Proposed payday loan law does little, should not pass

With conference report now filed on House Bill 455, the payday lending reform debate moves into its final stages. Though some changes have been made, if lawmakers pass the bill, Mississippi will remain home to some of the most expensive payday loans in the region.

Additionally, the proposed law lacks common-sense improvements for enforcement.

House to vote on payday bill

House Banking Committee Chairman George Flaggs said the House will vote today on whether to adopt payday lending reform to lower Mississippi's 572 percent equivalent interest rate.

The House and Senate conference committee agreed on compromise legislation last week. "I can't write a perfect bill, but I think this bill is fair to both sides," said Flaggs, D-Vicksburg. "I think it's going to be a model."
Opponents questioned the reform, however, saying Mississippi will still be charging some of the highest fees in the Southeast.

Payday loan bill passes in House

Compromise legislation that cleared the House Monday would extend the payday lending industry in Mississippi another 2 1/2 years while lowering the equivalent 572 percent interest rate allowed under current law.

Religious and consumer advocates lined up against the bill, saying it didn't go far enough to protect consumers who get locked in a cycle of debt with payday loans.

Rep. John Mayo, D-Clarksdale, declared debt "the new slavery," prompting Rep. Omeria Scott, D-Laurel, who is black, to stand up in the middle of Mayo's floor speech and object to his comparison.

Payday: Compromise weakens reform

The House vote Monday for payday lending reform represents precious little reform and appears headed to one of those legislative instances in which "victory" is declared over a problem that remains unsolved

The House and Senate conference committee compromise on payday lending legislation last week was a compromise that weakened substantive reforms. Opponents of the compromise legislation questioned the reforms, saying Mississippi will still be charging some of the highest fees in the Southeast.

Gov. expected to sign payday loan bill

Gov. Haley Barbour plans to sign a bill aimed at reducing the 572-percent equivalent interest on payday loans, his office said Monday.

"The legislation has not reached the governor's office yet, but once it does - unless there's some unforeseen problem or surprise in it - Gov. Barbour is likely to sign it," said spokesman Dan Turner.

Last week, lawmakers in the Senate and House compromised on a bill to reduce fees on payday loans.

Religious leaders are urging Barbour to veto House Bill 455.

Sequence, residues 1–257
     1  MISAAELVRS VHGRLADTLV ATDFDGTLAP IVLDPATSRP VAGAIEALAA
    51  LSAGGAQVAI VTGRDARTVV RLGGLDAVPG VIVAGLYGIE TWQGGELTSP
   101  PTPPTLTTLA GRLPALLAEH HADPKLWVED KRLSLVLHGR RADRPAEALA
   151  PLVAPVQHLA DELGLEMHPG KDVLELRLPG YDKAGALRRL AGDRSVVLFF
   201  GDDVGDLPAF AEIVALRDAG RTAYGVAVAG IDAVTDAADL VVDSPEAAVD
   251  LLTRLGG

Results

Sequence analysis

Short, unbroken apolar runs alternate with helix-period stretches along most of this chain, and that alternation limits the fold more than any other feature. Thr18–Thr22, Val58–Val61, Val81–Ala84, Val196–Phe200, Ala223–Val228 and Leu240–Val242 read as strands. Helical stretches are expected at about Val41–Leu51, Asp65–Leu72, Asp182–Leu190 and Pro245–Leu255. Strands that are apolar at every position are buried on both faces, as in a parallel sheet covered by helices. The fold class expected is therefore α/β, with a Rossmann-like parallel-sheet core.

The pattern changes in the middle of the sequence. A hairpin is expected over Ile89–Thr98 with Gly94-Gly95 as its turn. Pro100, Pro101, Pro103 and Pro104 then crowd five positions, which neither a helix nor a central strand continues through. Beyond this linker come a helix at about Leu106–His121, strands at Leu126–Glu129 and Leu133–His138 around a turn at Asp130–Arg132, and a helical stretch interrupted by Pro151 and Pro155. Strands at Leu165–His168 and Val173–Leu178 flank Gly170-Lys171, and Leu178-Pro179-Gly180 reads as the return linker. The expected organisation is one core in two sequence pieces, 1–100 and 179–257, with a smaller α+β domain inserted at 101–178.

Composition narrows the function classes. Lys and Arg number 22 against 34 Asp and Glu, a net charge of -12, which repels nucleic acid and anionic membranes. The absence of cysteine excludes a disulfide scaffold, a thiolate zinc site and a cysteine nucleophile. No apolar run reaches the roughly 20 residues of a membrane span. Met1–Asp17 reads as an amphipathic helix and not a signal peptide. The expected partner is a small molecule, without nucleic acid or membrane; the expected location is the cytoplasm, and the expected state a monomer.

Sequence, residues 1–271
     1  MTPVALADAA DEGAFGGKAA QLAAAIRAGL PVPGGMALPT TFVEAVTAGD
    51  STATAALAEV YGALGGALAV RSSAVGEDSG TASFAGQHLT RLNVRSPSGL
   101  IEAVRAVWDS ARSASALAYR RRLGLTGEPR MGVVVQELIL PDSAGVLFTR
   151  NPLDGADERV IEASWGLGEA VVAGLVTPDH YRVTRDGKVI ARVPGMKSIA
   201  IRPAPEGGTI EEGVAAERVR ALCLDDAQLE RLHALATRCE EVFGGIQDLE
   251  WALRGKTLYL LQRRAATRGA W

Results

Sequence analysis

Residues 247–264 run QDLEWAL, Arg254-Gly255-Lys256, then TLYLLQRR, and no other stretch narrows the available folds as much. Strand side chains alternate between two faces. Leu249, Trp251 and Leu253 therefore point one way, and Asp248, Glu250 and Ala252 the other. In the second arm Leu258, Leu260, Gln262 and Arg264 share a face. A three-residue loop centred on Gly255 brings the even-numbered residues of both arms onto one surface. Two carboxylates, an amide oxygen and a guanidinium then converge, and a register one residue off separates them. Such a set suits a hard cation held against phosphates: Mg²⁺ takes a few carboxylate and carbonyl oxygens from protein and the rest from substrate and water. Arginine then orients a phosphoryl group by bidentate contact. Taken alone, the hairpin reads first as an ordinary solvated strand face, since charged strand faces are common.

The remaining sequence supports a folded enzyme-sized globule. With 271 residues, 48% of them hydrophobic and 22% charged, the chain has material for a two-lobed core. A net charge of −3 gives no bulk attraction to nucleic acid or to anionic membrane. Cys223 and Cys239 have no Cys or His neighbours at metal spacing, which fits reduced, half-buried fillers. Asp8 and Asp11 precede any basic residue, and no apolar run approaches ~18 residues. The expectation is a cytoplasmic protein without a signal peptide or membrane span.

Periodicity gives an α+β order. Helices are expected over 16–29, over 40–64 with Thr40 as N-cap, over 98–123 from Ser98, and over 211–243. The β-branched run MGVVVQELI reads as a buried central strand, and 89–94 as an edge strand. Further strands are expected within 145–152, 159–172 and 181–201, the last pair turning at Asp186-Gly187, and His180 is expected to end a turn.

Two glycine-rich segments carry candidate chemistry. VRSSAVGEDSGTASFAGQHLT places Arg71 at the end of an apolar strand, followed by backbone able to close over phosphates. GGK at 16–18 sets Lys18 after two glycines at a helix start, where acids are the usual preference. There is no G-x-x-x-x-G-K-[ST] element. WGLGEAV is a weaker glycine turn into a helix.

17,776 apply for Katrina recovery program

South Mississippi’s last Katrina recovery program brought in 17,776 applications for assistance with housing repairs or requests for help with placement of Mississippi cottages.

Coast Housing Director Gerald Blessey said the Mississippi Development Authority expects next week to request proposals from contractors who will complete the work, then be paid by MDA.

Funding for AmeriCorps may end

Government funding for AmeriCorps, a national community service program that provided recovery aid to the Coast following Katrina, may end as Congress approves budgetary decisions for fiscal year 2011.

Recent legislation from the U.S. House of Representatives eliminated all government spending for the Corporation for National and Community Service, the agency which includes AmeriCorps. If the proposed budget is finalized, AmeriCorps would lack the financial support needed to provide disaster response services across the nation.

5 Tips Every Homeowner Should Know to Avoid Foreclosure

If you’re having problems paying your mortgage, you aren’t alone. Across the country, homeowners are struggling to keep their heads above water in a recovering economy. Whether it’s because of a job loss, mounting medical bills, or a home that’s now worth less than you paid, the personal and financial stress of foreclosure can be overwhelming. Here’s what you should know to avoid foreclosure.

Many Hit by Spill Now Feel Caught in Claim Process

BAYOU LA BATRE, Ala. — By October, Tim Nguyen found that his work in a Mississippi shipyard was no longer paying the bills. His hours had been cut back, part of the general ebb of work along the Gulf Coast after the terrible summer of BP.

Mr. Nguyen went to an office of the Gulf Coast Claims Facility, which was set up to administer BP’s $20 billion fund for coastal businesses and residents.

He was told he could not file a claim. A law firm he had never heard of had already filed one in his name.

“I never signed up with anybody,” he said.

Man With $20 Billion to Disburse Finds No Shortage of Claims or Critics

From the numbers alone, you might think Kenneth R. Feinberg would be a popular guy.

Since taking over the $20 billion fund to compensate victims of the Gulf Coast oil spill in July, he has handed out $3.8 billion, with $2.6 billion in no-strings-attached emergency payments and $1.2 billion in final and interim payments. More than a half-million people and businesses have filed claims with the fund, and nearly 70 percent of the claims have been resolved through payment, request for more information or rejection.

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